Jesuit Dallas Condemns Video Containing Racist Remark. A video, posted on Twitter on Tuesday, shows a Jesuit student using racist language. I won’t repeat the disgusting comment here. The school’s president, Mike Earsing, said Jesuit “swiftly addressed the situation in an appropriate way,” but the actions taken are not clear.
City Council Accepts County Election Results. Yesterday, the council voted to accept the county results from the May 6 election, although some did so reluctantly due to allegations of voter fraud. The DA’s office is investigating the allegations.
Dallas Police Honor Victims in Memorial Service. 84 Dallas police offers killed in the line of duty, including those killed in the July 7 ambush last year, were honored at yesterday’s memorial service. “We know that good doesn’t always conquer evil, and today is a reminder of that,” Interim Police Chief David Pughes said. “But where would we be if good people didn’t answer God’s call to fight bad people?”
There’s a good story in The Atlantic that I recommend you read. It’s about America’s favorite racist, Richard Spencer. It was written by Graeme Wood, who has an unusual perspective on Spencer, because Wood went to St. Mark’s with him. In fact, they were chemistry lab partners. It’s a long story, so here’s a taste:
“My upbringing did not really inform who I am,” Spencer said with a shrug. Then he reconsidered. “I think in a lot of ways I reacted against Dallas. It’s a class- and money-conscious place — whoever has the biggest car or the biggest house or the biggest fake boobs,” he told me. “There’s no actual community or high culture or sense of greatness, outside of having a McMansion.”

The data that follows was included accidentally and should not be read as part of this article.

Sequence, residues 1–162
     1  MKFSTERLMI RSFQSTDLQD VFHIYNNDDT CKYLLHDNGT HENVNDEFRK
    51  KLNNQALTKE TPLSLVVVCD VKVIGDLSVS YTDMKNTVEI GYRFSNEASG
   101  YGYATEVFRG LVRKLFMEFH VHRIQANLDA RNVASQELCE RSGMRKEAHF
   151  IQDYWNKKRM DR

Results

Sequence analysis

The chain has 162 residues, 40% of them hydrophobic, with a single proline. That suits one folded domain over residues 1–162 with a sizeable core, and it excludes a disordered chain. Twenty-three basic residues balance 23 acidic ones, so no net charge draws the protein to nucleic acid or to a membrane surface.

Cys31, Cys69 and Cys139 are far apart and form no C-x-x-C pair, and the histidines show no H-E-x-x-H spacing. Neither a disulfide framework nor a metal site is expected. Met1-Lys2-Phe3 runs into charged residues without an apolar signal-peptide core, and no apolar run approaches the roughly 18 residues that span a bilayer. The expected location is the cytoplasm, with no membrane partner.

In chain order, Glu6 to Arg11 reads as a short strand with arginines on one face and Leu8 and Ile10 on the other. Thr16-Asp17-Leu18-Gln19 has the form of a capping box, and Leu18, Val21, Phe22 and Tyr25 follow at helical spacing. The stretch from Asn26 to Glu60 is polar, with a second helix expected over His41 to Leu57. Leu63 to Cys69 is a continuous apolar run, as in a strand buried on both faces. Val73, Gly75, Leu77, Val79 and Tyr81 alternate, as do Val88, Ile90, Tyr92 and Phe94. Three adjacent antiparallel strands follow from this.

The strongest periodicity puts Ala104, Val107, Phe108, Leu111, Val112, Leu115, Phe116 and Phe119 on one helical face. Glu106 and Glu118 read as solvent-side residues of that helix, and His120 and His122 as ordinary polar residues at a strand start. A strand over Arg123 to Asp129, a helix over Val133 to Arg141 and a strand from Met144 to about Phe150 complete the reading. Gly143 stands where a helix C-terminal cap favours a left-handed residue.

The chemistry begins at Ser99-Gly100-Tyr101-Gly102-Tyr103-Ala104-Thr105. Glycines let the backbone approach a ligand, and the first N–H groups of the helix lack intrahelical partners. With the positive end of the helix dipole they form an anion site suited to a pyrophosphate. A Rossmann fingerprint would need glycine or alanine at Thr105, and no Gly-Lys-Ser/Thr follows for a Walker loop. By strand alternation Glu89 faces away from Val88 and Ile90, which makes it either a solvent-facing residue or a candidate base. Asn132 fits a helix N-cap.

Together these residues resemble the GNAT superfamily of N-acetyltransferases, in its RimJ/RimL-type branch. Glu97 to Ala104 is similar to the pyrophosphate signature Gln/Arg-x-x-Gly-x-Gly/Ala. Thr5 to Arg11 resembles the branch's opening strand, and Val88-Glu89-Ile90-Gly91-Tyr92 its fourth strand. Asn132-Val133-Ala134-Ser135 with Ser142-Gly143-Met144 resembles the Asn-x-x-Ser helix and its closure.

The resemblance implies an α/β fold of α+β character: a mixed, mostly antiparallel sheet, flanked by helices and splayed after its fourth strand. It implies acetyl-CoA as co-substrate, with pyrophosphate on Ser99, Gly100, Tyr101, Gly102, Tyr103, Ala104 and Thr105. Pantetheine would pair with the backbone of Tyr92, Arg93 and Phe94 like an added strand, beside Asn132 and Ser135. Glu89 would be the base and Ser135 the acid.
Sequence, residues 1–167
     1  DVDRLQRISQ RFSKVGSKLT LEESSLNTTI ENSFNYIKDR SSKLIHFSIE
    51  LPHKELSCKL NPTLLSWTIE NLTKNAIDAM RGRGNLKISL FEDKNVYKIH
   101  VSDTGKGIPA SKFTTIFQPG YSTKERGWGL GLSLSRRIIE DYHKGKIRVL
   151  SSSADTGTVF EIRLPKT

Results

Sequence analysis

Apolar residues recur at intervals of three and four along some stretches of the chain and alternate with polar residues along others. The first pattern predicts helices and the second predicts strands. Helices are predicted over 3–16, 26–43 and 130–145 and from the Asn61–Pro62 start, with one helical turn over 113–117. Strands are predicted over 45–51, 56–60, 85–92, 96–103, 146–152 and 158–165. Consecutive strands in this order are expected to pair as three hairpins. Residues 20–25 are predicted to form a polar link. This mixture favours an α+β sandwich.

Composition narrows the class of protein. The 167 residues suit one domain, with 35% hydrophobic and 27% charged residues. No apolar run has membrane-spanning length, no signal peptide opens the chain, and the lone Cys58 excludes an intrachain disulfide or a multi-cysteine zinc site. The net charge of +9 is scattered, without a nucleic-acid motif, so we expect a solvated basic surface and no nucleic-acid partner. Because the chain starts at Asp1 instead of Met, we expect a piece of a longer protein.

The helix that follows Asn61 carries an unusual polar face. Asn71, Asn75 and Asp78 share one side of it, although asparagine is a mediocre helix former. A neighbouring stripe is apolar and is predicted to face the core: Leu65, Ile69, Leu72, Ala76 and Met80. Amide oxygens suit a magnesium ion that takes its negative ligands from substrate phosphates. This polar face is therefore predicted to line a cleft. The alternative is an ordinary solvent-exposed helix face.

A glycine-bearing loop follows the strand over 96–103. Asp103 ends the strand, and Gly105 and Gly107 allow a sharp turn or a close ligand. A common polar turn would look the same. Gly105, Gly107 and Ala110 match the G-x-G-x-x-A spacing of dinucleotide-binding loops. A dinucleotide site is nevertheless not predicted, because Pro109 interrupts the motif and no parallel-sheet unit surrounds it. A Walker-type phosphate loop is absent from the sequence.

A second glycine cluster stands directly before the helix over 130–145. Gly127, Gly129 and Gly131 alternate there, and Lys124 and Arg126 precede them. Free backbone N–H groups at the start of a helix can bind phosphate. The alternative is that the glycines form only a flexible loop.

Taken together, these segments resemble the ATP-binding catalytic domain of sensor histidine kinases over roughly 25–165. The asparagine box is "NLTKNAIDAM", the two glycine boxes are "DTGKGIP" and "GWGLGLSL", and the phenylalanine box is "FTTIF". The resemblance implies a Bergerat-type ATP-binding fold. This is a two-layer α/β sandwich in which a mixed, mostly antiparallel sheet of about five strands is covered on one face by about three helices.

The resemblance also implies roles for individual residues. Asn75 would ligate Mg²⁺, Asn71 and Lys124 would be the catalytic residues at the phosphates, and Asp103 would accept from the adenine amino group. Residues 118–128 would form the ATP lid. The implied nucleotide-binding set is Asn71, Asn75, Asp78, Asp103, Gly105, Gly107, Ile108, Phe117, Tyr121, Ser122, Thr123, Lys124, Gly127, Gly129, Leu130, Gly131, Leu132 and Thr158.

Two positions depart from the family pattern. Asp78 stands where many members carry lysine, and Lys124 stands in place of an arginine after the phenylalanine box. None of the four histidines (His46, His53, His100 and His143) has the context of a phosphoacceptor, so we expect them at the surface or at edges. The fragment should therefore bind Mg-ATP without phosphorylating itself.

Then, after you read the story, I recommend that you go watch a few clips of Spencer getting punched to music.
‘Major Progress’ Made on Dallas Police and Fire Pension Fund. After days of negotiations, a plan for a possible agreement among Dallas leaders, pension fund officials, and police and fire associations has been reached in the state Senate. State senators Royce West and Don Huffines brokered the deal, which would amend a House bill to rescue the failing fund. Through the bill, the city has a 6-5 majority on the board. But a 2/3 majority of the board would have to approve changes that reduce benefits, increase contributions, or seek reimbursement on payments from DROP accounts. The bill is awaiting a hearing in the Senate State Affairs Committee. Despite progress, retirees are still concerned about their pensions.
Details Emerge in the Shooting Death of Jordan Edwards. The gunshots heard at a house party the night the teen was shot and killed by a Balch Springs police officer came from a nearby nursing home parking lot, investigators say. Four shell casings were found there. Roy Oliver, the now-fired Balch Springs officer who shot Edwards, heard the gunfire and left the house party he was investigating. Frightened by the shots, Edwards, his brothers, and friends got into their car to leave, when—soon after—Oliver fired his rifle into their car, striking Edwards.